Taking a guided boat tour within Okefenokee Wildlife Refuge is a great way to see parts of the swamp you couldn’t otherwise access. Boat tours take visitors along the Suwannee Canal through beautiful vegetation to the Chesser Prairie.
Visitors can frequently see egrets, herons, ibis, sandhill cranes, red-shouldered hawks, and American alligators. Extra lucky visitors may even spot a bear or bobcat on their journey.
Take a Hike
When you hear swamp, hiking may not be the first thing you think about, but the area has some great hikes! The Chesser Island Boardwalk takes you to the Owls Roost Tower, where you experience a great view of the Okefenokee Swamp. This boardwalk is a great hike for families. It’s around three-quarters of a mile long and is excellent for all ages.
The Seagrass Lake Trail is another excellent option for all abilities and ages. This flat 1.6-mile trail features a lake and fantastic wildlife viewing. Hikers are likely to see a variety of birds, snakes, frogs, turtles, and snakes.
There’s the Swamp Island Drive for those who prefer to see the area from more of a distance. This drive is 7.5 miles long, and you can access it via bike or foot. You won’t get the same experience as hiking directly in the swamp, but this is a great alternative.
Visit the Chesser Island Homestead
A visit to the Chesser Island Homestead is a must-do while visiting Okefenokee swamplands. Chesser Island got its name from the family who first settled on the island, 592 acres adjacent to the swamp. On your visit to Cheeser Homestead, you can see how the early settlers lived.
Explore by Kayak or Canoe
Jumping into a kayak or canoe is a great way to explore the inner areas of the swamp. This option will get you right into the action of the vegetation and wildlife! There are around 120 miles of water trails waiting for you to explore. If you don’t have a kayak or canoe of your own, you can rent one from the refuge concession.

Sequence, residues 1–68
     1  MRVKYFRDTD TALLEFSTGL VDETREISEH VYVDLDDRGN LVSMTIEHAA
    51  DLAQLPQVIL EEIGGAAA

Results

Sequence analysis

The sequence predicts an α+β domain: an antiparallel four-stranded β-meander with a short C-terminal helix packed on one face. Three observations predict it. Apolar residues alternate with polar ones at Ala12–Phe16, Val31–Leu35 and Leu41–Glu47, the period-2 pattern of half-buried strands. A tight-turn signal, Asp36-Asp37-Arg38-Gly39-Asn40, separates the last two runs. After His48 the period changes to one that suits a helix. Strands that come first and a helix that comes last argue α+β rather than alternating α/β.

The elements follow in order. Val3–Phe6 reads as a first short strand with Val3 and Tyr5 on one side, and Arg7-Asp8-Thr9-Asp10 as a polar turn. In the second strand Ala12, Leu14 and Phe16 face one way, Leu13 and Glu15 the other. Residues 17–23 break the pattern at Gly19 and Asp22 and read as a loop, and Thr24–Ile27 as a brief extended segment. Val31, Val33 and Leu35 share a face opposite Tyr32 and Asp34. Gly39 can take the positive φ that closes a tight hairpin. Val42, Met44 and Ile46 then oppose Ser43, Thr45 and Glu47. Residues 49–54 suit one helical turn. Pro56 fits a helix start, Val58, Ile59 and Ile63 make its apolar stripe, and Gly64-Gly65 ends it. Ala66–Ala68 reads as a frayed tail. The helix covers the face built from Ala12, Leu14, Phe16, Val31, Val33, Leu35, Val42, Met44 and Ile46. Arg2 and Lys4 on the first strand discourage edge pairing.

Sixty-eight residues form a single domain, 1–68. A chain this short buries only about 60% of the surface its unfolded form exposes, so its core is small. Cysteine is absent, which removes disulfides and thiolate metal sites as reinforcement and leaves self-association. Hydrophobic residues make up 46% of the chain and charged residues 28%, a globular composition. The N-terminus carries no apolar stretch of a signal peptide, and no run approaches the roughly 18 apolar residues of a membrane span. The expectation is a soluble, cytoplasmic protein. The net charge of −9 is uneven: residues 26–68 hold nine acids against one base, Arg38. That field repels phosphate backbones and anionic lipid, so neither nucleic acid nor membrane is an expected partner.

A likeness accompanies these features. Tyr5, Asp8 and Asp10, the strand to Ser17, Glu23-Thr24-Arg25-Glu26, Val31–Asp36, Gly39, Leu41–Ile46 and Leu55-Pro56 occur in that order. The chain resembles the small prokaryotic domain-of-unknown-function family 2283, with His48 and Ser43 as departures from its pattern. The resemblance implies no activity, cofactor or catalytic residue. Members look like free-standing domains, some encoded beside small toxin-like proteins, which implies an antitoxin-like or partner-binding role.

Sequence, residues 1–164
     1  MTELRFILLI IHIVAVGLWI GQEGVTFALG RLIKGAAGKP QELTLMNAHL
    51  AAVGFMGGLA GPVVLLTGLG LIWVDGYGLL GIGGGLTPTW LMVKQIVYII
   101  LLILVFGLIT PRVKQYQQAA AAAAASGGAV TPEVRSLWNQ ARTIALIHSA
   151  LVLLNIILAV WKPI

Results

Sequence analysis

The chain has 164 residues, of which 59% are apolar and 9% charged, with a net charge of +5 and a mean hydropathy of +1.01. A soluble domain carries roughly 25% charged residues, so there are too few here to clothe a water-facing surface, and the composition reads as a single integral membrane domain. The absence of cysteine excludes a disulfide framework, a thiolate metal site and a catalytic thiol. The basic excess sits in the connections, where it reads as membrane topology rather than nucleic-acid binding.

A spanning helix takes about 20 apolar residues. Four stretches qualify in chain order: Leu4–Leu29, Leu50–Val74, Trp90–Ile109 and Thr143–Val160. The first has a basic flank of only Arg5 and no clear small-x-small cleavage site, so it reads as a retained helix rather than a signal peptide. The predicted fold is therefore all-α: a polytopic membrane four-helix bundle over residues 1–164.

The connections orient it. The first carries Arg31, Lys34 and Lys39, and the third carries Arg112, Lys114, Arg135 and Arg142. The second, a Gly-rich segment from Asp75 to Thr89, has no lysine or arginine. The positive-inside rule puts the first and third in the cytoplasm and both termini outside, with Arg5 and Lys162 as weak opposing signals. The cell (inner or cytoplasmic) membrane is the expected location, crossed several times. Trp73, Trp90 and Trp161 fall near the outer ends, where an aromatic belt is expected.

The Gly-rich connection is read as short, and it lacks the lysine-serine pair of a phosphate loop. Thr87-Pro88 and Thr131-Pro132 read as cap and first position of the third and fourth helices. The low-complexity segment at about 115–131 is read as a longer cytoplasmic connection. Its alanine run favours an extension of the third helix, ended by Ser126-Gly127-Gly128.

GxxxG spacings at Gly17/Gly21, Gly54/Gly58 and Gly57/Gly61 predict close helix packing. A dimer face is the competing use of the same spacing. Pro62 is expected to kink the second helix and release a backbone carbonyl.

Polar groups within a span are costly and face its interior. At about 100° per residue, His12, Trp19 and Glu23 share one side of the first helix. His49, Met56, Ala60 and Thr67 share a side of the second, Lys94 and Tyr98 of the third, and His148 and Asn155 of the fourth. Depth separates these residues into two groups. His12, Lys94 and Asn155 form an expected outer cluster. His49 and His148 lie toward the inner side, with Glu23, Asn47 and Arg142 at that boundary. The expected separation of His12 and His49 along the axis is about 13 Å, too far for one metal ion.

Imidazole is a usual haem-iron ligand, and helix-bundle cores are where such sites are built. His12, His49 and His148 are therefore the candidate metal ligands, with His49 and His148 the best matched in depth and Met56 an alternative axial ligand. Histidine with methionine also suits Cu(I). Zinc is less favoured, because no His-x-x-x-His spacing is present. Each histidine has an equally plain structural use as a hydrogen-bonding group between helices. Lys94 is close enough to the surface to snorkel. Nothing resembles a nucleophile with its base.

Is Okefenokee Dangerous?
There are risks anytime you’re in the great outdoors. As long as you keep your distance while enjoying Okefenokee wildlife, the risks will be minimal. This area does have alligators present, which can be dangerous if you approach them. Avoid entering waters and heed all warnings from signs or rangers.
There are also black bears that call the swamp area home. With that said, you should consider this park to be a safe location to explore, assuming you’re taking all necessary precautions.
Is a Visit to Okefenokee National Wildlife Refuge Worth It?
While Okefenokee National Wildlife Refuge might not be everyone’s preferred environment, it’s a unique place to add to your destinations list. Those that enjoy southern wildlife and reptiles will find this swamp fascinating and worth the journey.
Those that aren’t fans of the creepy-crawly swamp life home may not appreciate the area’s offerings. In all, Okefenokee National Wildlife Refuge is alive with history, wildlife, and vegetation but may not be for the faint of heart.
Another interesting national wildlife refuge is Maryland’s Blackwater. Learn more about it here: How to Spend a Day in Blackwater National Wildlife Refuge